Wales suffered a demoralising defeat in the final fixture with only a 65% tackle completion rate, not what is expected of the current Welsh crop under Shaun Edwards. There is an argument for the fact that the Welsh team is coming off of the end of a brutal season and that fatigue had a part to play. However, that is not the problem with Welsh rugby at the moment. The problem is far more entrenched. Something must change, whether it is the approach of the coaching staff or the style of play adopted by the regions during the Pro12 year. Unless something does change it is, at this moment, unforeseeable that Wales will be able to compete against the All Blacks. This is not meant to be all doom and gloom, there is a capacity to change, and what the previous paragraph represented was an example of how it is being implemented.

Liam Williams
There is an argument that is often floated around that Wales don’t have the players, or depth in talent, to pull off a wide running game plan. That is nonsense. When there are players on the pitch like George North, who in the opening test broke 6 tackles and ran 121 metres; Liam Williams who was the standout player of the tour and forwards with the rugby brains of Faletau, Jones, Charteris and Warburton the argument is moot. No, Wales do not have strength in depth; they will always struggle in the latter stages of a game as their bench does not have the talent of their starting XV. However, to argue that they don’t have the players to change their style of play is a ridiculous assessment of the talent they currently possess. This is ultimately Gatland’s decision, he can stick with the likes of Roberts who represents a Welsh stalwart but also a relic of hopefully a bygone era in Welsh rugby, or he can opt for creative players such as Patchell and Scott Williams and usher in an adapting style of Welsh Rugby. This is not to say that the change will be immediate, in fact, that is highly unlikely, but as Eddie Jones has done for England, Gatland should look to slowly implement a new structure and bring Welsh rugby back to its rooted identity. That of tough players, a powerful pack and a backline that would salivate at the thought of running through the opposition.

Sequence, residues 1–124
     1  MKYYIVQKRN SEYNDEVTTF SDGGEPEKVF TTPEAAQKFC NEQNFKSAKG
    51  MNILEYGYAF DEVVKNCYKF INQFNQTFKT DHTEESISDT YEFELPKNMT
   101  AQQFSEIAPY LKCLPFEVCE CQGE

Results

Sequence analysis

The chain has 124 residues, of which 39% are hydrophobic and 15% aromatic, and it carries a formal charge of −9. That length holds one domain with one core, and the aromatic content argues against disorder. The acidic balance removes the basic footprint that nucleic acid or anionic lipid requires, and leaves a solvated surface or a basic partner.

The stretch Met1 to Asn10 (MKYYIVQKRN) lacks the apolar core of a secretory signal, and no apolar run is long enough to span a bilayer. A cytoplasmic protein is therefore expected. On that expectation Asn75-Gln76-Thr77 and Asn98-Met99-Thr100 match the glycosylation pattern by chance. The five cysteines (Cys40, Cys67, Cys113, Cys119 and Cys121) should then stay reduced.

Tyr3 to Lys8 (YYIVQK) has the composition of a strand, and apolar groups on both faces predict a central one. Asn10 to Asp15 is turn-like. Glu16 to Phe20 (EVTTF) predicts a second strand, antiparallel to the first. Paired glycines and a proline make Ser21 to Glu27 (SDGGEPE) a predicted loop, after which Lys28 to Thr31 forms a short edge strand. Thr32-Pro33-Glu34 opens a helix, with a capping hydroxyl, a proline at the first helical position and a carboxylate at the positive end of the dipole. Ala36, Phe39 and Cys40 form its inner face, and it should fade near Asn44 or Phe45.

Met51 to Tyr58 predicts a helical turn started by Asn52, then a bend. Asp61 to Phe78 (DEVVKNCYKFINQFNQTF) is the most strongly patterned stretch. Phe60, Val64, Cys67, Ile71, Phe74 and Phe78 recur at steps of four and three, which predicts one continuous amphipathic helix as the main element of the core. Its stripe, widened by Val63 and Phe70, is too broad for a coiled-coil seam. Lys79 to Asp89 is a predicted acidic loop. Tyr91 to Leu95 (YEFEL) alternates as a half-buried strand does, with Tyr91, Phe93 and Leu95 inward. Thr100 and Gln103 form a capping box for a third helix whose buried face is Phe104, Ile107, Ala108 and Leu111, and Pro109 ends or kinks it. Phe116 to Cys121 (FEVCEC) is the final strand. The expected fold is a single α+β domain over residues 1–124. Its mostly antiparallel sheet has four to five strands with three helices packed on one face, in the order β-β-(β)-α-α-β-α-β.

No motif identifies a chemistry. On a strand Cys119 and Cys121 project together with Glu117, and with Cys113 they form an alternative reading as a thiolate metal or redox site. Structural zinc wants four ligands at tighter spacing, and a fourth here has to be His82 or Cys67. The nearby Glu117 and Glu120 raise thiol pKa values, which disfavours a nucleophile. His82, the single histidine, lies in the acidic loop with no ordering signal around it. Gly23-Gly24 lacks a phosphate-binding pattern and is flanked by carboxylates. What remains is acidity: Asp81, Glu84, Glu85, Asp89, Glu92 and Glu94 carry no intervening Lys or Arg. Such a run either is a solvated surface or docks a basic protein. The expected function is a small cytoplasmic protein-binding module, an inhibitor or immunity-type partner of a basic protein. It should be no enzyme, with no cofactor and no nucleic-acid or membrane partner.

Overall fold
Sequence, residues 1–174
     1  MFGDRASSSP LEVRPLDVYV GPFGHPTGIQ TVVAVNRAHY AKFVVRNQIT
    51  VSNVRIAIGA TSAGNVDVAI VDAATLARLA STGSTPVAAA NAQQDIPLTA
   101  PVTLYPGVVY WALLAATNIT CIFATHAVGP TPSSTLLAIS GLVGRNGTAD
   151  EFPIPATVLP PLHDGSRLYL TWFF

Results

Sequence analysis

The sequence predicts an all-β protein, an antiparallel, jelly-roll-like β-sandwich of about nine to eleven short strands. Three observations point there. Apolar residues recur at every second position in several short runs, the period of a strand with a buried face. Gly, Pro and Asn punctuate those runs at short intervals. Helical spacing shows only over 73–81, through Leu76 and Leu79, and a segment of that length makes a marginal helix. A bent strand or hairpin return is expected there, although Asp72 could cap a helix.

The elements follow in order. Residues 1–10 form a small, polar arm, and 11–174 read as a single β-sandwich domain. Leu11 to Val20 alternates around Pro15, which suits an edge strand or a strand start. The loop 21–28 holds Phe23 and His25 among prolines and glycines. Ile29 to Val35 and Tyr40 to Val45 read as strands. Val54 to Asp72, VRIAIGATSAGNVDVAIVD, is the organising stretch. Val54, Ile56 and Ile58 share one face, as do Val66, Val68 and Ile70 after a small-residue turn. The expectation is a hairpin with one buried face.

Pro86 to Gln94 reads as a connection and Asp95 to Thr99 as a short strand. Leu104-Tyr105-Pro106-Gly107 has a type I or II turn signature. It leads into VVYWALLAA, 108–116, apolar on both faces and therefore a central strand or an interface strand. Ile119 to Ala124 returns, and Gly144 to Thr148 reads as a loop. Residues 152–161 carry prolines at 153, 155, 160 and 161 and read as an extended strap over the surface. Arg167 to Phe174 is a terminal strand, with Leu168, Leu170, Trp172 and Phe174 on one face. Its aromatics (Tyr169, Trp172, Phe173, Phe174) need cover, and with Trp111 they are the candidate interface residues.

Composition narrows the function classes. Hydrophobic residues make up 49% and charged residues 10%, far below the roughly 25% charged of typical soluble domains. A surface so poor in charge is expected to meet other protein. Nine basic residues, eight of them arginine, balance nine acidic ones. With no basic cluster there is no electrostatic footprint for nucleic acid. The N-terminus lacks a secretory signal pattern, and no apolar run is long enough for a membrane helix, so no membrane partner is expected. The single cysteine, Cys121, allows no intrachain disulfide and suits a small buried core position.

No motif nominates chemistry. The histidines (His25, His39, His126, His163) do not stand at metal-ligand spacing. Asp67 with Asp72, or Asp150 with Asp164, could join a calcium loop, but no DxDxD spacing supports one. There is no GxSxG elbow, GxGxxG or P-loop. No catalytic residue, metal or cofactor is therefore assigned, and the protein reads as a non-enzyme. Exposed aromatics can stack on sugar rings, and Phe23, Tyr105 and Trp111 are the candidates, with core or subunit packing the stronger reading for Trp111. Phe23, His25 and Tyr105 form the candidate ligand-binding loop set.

New Zealand:

Sam Warburton, the Welsh Captain, stated after the final test: ‘they were just way too good for us. The strength in depth they have in New Zealand is remarkable. The amount of talent they have got is frightening,’ he said. ‘They may have lost [Dan] Carter, [Richie] McCaw, [Ma’a] Nonu, [Conrad] Smith and all of those great players but that doesn’t make a difference here. They lose a little bit of experience but they have some super players to come in. That’s why they are the best rugby nation in the world.’ This is undeniable; New Zealand probably has the most strength in depth in world rugby. However, despite newcomers putting Wales to the sword they are by no means the finished article. Steve Hansen has a fair amount of work to do with the shaping of his team before the Lions tour in 2017. This tour gave Hansen the chance to bleed some players that certainly impressed. Yet the holes left by the departed centurions, are not necessarily nailed down.

Lord of the Realm